NO SHOWING OF A DANGEROUS OR DEFECTIVE PROPERTY CONDITION
CMW filed a personal-injury case against certain homeowner defendants seeking compensation for injuries sustained when she fell off their stoop. But when the Erie County Supreme Court granted the homeowners’ pre-trial request for relief in their favor, and dismissed the case, an appeal followed.
On its review, the Appellate Division, Fourth Department, noted that the defendants had met their burden of proving there was “no dangerous or defective condition” which existed at the property, and that the stoop complied “with the applicable codes.”
While CMW had submitted an expert affidavit which professed that the area posed a “hazard,” the AD4 thought that submission was “conclusory and speculative,” and failed to show the existence of a triable issue of fact. In addition to not affirmatively establishing that any alleged defect caused her to fall, her own deposition testimony indicated that the incident was the “result of the front door opening … not as a result of any dangerous or defective” property condition.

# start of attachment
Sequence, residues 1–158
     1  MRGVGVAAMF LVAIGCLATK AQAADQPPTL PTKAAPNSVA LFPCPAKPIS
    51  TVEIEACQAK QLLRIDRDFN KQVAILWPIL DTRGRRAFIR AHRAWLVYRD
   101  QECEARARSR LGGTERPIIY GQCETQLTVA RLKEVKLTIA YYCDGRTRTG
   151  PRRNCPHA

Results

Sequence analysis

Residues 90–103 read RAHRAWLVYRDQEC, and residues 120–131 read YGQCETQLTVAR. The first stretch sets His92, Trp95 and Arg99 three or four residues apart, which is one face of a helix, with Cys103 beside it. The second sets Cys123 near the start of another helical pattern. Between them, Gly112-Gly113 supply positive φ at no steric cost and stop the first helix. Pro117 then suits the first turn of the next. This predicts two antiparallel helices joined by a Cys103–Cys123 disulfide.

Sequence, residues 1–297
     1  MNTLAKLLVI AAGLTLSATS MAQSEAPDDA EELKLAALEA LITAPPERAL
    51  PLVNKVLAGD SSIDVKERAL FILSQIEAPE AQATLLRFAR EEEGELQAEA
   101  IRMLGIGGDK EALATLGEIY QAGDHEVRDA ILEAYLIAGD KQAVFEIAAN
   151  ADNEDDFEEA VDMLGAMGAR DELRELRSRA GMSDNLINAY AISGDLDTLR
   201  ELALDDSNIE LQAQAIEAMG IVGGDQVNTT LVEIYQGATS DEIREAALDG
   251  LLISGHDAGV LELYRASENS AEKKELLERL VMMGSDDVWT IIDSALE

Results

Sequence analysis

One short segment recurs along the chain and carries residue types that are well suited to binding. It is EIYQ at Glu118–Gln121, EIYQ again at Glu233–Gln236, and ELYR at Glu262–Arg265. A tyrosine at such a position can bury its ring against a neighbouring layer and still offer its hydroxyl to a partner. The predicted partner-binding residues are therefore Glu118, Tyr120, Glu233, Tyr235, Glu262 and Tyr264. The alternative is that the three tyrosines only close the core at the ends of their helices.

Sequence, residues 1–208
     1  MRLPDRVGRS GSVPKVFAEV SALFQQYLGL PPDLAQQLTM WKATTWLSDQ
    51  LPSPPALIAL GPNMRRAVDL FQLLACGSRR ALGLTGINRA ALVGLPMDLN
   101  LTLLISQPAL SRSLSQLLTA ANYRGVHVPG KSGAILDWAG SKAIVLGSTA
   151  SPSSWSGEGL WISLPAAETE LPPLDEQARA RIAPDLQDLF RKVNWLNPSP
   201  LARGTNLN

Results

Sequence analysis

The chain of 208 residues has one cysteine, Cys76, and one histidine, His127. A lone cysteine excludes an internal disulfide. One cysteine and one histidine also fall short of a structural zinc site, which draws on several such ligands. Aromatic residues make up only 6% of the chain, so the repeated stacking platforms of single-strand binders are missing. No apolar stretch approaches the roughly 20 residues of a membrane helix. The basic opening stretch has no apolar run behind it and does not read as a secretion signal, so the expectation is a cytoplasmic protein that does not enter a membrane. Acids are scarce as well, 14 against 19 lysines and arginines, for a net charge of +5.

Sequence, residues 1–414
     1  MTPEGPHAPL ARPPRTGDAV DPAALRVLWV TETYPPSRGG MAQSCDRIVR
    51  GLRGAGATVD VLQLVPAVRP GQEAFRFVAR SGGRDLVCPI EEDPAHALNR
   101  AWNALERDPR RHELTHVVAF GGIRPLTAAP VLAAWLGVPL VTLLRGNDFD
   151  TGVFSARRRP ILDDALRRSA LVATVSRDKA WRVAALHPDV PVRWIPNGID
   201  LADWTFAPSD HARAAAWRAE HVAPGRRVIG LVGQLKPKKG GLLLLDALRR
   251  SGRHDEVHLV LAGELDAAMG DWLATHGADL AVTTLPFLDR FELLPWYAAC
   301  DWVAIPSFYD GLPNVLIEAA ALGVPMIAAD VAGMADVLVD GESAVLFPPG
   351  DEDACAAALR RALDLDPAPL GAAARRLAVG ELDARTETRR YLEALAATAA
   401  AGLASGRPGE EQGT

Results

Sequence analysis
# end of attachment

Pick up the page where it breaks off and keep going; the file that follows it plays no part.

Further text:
Given that context, the lawsuit’s dismissal was affirmed.
Did they refuse to stoop to the plaintiff's level?
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